Advanced technology can make actors fly in the air, jump down high-rises and do other dazzling, dangerous stunts. But it is the old Bollywood 'dhishoom, dhishoom' staple that really sets the viewer's adrenaline rushing - borne out by the success of "Rowdy Rathore", another raw action entertainer that has earned over Rs.105 crore.
"Dabangg", "Singham" and "Agneepath" had their fair share of raw action and all did brisk business, earning Rs.145 crore, Rs.139 crore and Rs.120 crore, respectively.
Salman Khan's "Wanted" and John Abraham's "Force" also fall in the same league of films with tough and strong male leads, who make villains count stars with their kicks and punches. End result? The viewers hooted, clapped, whistled and came back for more.
Clearly, hi-tech entertainers made with mega-budgets like underwater thriller "Blue" and sci-fi "Krrish" and "Ra.One" have their place, but the masses, particularly those in the interiors, want raw, rugged action.
Agrees Bollywood's 'khiladi' Akshay Kumar, who returned to action with the Rs.45 crore-worth "Rowdy Rathore" after six years.
"I personally believe that people enjoy raw action more than technology. If you use too much of technology, it will bounce back. People are very smart and understand what is real and what is unreal," Akshay told IANS.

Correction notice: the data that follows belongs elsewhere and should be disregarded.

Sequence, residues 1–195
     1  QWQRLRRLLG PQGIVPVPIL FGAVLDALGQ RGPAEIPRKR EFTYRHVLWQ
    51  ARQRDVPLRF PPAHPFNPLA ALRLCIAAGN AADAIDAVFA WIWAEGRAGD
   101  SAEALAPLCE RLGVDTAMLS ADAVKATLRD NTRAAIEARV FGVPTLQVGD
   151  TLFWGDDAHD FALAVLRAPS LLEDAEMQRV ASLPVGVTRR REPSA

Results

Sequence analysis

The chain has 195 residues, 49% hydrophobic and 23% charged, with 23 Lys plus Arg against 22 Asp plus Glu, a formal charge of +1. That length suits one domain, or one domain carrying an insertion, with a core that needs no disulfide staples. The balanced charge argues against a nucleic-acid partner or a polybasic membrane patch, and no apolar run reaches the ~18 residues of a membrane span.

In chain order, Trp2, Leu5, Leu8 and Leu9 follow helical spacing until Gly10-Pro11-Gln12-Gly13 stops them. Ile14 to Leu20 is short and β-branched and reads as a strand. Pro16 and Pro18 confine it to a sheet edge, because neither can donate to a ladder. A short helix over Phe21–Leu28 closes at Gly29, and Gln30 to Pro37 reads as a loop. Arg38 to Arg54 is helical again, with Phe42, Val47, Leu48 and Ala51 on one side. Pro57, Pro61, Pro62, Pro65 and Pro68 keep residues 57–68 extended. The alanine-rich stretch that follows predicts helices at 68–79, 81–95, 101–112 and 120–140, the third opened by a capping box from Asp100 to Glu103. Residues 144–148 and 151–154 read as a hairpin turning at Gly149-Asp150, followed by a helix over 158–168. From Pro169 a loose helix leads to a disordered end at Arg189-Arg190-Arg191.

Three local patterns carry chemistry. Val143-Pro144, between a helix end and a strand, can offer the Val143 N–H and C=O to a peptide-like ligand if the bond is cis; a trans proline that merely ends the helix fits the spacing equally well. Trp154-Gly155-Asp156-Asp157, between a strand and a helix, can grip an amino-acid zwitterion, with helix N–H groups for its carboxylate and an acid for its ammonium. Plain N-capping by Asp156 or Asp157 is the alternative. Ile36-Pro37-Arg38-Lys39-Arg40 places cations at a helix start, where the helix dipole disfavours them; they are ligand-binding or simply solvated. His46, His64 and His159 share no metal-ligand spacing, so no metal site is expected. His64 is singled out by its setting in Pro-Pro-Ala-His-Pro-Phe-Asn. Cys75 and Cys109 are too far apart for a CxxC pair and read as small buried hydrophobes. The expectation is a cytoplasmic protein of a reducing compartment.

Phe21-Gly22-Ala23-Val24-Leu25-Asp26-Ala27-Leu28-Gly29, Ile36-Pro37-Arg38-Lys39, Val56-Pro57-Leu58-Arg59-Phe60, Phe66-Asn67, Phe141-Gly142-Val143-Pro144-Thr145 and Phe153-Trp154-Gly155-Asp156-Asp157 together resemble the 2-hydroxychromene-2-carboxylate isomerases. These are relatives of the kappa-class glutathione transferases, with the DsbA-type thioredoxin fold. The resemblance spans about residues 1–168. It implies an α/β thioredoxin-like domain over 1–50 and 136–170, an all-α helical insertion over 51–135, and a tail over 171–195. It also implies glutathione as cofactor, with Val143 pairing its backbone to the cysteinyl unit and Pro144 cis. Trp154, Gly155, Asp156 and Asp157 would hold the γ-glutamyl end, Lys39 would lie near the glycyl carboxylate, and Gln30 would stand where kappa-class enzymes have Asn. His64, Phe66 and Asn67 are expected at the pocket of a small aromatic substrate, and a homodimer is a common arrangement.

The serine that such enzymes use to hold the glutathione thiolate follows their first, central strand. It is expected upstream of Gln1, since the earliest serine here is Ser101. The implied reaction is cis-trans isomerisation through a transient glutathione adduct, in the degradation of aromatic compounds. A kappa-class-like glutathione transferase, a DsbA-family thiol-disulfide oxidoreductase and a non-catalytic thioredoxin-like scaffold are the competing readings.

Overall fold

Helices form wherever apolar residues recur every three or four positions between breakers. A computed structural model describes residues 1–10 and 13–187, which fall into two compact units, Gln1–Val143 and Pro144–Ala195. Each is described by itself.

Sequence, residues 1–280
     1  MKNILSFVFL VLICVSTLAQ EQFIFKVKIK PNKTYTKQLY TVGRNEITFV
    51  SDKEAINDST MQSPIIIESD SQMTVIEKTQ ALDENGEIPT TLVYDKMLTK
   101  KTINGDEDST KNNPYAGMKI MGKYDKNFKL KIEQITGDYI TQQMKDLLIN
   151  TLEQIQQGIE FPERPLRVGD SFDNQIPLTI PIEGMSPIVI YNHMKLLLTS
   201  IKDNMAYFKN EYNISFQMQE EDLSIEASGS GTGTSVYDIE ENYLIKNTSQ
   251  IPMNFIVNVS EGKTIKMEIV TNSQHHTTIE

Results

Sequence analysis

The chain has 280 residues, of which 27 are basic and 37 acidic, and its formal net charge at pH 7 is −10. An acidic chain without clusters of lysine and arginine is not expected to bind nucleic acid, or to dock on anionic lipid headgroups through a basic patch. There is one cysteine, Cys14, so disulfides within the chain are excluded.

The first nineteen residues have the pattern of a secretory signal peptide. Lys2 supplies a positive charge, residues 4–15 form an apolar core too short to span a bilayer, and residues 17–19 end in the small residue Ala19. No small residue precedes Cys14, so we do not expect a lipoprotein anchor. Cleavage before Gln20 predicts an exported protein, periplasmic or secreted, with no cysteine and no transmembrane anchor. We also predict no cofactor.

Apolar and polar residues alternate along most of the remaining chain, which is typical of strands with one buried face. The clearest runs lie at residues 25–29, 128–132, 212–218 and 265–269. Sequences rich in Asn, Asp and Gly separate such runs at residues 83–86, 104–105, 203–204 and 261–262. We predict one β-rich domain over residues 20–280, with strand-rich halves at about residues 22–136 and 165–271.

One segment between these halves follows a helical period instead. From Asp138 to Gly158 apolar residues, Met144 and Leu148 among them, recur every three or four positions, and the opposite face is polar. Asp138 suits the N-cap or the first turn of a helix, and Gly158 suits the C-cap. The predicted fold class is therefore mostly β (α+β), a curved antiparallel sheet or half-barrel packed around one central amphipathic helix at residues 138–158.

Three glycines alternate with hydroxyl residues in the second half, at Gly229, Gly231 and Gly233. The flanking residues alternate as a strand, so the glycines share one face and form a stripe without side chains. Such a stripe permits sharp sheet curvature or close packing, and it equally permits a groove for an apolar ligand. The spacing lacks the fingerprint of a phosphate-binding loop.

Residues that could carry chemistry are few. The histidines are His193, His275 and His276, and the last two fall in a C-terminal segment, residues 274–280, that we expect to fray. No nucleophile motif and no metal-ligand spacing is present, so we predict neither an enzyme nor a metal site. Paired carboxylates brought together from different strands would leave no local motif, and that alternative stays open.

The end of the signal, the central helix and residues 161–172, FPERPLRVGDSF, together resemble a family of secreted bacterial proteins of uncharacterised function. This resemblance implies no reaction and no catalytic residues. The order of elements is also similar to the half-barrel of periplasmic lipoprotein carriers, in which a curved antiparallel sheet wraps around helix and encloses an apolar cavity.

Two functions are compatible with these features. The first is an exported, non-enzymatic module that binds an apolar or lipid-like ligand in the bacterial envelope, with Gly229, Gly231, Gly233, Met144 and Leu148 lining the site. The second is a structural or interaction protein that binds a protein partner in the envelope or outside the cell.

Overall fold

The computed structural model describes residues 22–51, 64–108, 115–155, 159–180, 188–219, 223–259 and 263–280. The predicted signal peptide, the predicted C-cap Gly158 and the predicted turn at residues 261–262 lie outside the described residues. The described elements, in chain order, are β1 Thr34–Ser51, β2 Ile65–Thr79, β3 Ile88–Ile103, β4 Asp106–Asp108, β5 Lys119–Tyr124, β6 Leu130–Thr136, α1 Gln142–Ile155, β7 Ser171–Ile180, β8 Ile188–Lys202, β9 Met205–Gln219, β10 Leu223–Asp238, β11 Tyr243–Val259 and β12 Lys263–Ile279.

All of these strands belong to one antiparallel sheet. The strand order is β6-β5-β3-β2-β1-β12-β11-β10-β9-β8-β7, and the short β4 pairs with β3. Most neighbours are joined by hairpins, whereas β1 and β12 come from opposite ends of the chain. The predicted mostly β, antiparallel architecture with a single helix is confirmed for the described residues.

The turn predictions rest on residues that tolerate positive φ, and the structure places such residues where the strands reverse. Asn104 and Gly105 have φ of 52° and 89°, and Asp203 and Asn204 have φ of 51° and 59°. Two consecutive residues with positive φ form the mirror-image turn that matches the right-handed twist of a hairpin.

"If you sit in single theatres and watch such films with the audience, you will hear people saying, 'Arre ye toh computer pe kiya hai (This is done on computer)'. You can't take your audiences for granted. So when I did my first action film 'Rowdy Rathore' after six years, I chose to do raw action. I believe in manpower and not technological power," he said.
The success of "Rowdy Rathore", which grossed over Rs.100 crore within two weeks of its release, ratifies his belief.
According to film critic Omar Qureshi, nothing works without a good story.
"Essentially, Bollywood is about songs, dance and drama. In between, our filmmakers were copying straight from Hollywood. They have a different style of filmmaking, which does not really connect with the rawness of our interiors," Qureshi told IANS.
Does this mean that Bollywood is not ready for the slick action of films in the west?
"No! You have to detach yourself from the subject and then make a movie. You can have the best gadgets, you can shoot the movie underwater and you can shoot the movie on the moon... all you need is a good story," he said.
"Rowdy Rathore" co-producer Shabina Khan says action can be showcased in any form on the big screen, but it is of no use if it doesn't entertain the right way.
"People go to a theatre to be entertained. Today there are all sorts of action scenes - live action and special effects-created scenes. It's not true that live action entertains better," Khan told IANS.
" 'Mission Impossible: 4' had hysterical action sequences, and it worked. Viewers can be entertained by just a sequence wherein one actor slaps another... it's just about the whole experience and how entertaining the experience is," she added.
"Dabangg 2", "Once Upon A Time In Mumbaai 2" and "Shootout At Wadala" are amongst the upcoming films showing plenty of the tried and tested 'dhishoom' formula. And the makers are hoping that they will be laughing all the way to the bank.
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